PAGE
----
Video games themselves can be educational. A game doesn't have to say "educational" to teach, and probably the ones that are best at teaching aren't designed specifically to be educational. Same, IMO, is true for board games (we also are a board-game loving family; we host a monthly homeschool gaming afternoon & probably own about 100 different board games). And some of the game systems, like the Wii and the new Playstation Move, are really fun family games.

There have been several recently articles & studies on certain specific career choices and the benefits of video games. For instance, surgeons who play video games actually perform better at fine surgical procedures, especially those using computer assistance. And the Air Force uses video games for training pilots. For some perspectives on why playing games might be beneficial:
http://www.msnbc.msn.com/id/4685909/
http://www.joystiq.com/2009/02/07/so...n-video-games/

(Not saying that your child will want either of those career choices!)

I don't think there's any reason to introducing video games if your children aren't missing them. However, I also don't think they're evil. They can be fun, they can be educational. They can also be a HUGE time drain. We all need balance. If I spend all day doing only one thing, I am hugely cranky by evening. Our children need our guidance to find that balance, whether it's playing video games, running around outside with friends, digging in the dirt, watching TV, even reading. I'd rather video games be a part of life that they become used to than forbidden fruit that they end up playing at the neighbor's. I want to expose my kids to my values about game play and what's appropriate both content-wise and time-wise. Same perspective about TV and books.

I agree that technological literacy is hugely important for our children's future. I remember visiting the "computer room" at my father's work as a child and using the punch cards (remember those - when the computer was programmed by punching out dots on cards & inserting them in the right order - don't drop 'em!). I remember when we got our first computer which could do nothing without typing in a program. Our children are growing up with computers being a mainstay of everyday life. Heck, my cell phone has a better processor than that old computer in Dad's office. Our children will need to be comfortable using technology to function in society. Do they need to play video games to learn to do that? No, of course not. But it's a lot more fun to learn what computers can do with games than with a programming class!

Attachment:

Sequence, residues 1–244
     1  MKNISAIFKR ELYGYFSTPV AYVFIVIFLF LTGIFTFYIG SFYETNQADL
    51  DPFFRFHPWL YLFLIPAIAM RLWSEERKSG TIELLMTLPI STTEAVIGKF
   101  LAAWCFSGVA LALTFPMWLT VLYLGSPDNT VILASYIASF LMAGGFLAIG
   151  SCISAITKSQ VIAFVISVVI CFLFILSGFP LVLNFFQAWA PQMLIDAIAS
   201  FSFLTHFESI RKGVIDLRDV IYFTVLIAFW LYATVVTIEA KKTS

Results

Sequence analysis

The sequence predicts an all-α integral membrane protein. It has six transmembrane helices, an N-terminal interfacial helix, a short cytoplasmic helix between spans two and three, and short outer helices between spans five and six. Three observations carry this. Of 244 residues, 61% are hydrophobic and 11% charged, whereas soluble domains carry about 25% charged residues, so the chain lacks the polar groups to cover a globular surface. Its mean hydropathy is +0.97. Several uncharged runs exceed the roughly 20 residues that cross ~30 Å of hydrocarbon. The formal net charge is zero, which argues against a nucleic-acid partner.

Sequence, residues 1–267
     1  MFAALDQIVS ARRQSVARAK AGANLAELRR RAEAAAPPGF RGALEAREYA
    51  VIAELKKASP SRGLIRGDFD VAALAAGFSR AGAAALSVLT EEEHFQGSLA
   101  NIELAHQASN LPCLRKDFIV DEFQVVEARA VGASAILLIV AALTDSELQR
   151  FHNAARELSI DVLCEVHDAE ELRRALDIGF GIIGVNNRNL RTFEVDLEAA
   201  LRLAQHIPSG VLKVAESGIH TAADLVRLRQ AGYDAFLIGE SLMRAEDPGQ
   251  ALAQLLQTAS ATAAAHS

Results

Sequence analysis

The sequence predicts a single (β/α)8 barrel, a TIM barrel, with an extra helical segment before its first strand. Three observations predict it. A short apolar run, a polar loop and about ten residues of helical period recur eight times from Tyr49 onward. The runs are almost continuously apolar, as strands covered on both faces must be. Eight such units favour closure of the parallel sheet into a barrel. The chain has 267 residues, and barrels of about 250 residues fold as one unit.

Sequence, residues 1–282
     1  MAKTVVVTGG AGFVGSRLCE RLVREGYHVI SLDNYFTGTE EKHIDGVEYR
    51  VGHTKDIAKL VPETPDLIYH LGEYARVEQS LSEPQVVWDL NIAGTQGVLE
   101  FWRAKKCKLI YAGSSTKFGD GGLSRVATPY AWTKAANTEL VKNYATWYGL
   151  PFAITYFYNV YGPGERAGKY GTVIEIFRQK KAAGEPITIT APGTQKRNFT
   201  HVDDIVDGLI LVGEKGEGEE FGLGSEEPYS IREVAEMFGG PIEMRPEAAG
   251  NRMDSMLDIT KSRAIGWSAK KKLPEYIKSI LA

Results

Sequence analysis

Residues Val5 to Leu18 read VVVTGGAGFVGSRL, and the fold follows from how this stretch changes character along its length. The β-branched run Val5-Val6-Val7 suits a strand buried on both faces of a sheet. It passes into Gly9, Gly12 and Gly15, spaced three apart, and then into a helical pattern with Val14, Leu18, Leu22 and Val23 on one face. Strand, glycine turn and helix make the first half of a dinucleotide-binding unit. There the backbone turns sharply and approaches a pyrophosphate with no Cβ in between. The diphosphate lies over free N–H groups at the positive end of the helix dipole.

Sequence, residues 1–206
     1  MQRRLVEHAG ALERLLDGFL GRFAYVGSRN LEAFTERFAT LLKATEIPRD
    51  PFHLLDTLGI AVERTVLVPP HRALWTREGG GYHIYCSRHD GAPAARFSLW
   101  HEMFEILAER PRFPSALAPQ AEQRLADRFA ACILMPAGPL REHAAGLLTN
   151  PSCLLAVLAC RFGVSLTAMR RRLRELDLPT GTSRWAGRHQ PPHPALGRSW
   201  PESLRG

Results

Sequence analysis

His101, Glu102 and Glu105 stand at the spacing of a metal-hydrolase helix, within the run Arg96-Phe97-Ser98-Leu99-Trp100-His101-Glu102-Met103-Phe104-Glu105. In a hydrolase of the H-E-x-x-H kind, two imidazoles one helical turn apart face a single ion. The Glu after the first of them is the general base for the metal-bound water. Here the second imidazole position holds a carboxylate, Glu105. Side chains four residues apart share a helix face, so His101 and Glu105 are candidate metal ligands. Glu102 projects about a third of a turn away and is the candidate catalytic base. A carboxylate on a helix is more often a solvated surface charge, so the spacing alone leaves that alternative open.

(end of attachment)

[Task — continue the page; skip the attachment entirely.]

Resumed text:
Cheri
fencing.gifDD and DS are 11 & toddler.gif DD is 4    hbac.gif  Our car is a bike!bikenew.gif

Sharing our homeschool.gifwith 3cat.gif, 2 dog2.gif & 4 chicken3.gif

CheriK is offline  
#23 of 48 Old 10-14-2010, 04:10 PM
 
emilysmama's Avatar
 
Join Date: Jun 2005
Posts: 641
Mentioned: 0 Post(s)
Tagged: 0 Thread(s)
Quoted: 0 Post(s)
Quote:
Originally Posted by velochic View Post
People who have them will argue they are useful. I don't see any use and no reason at all to have them. None. Dh is a computer science professor and I am a SAHM, former programmer (still do web design) and neither of us had video games. In fact, dh, who is in his 50's, was never even exposed to TV or computers until college. He's top in his field, which happens to be computer vision, so obviously having video games around has nothing to do with talent in the field. Whatever "motor skills" one might gain can easily be gained by doing the actual *physical* activity, rather than pretending to do it on a screen. I just see no redeeming qualities in video games.
I agree. My dh is also a computer science professor, and I am a physics professor, so we are by no means afraid of technology. We are so old that we can remember when Atari was cutting edge. We can remember when calculators were so expensive, we children were not expected to have one until learning trigonometry. Yet we are not only comfortable working with technology, we are CREATING new technology,

Our belief is that computer games are not useful for teaching children to function in a technological world. Besides, the technology changes so rapidly, I don't think what is learned in a computer game or transient technology will even exist by the time my child is grown. The hard work in computer programming is not the computer work. Instead, a mastery of mathematics, analytical problem solving, and logical reasoning is what is necessary to do well in our fast changing technological world. So, no computer games at all for my 6 year old daughter for now, or for as long as I can foresee. For my child, at least, I see no benefit from computer games.
emilysmama is offline  
#24 of 48 Old 10-14-2010, 04:34 PM
 
lonegirl's Avatar
 
Join Date: Oct 2008
Location: Toronto and Sault Ste Marie
Posts: 1,602
Mentioned: 0 Post(s)
Tagged: 0 Thread(s)
Quoted: 0 Post(s)
Well...our perspective.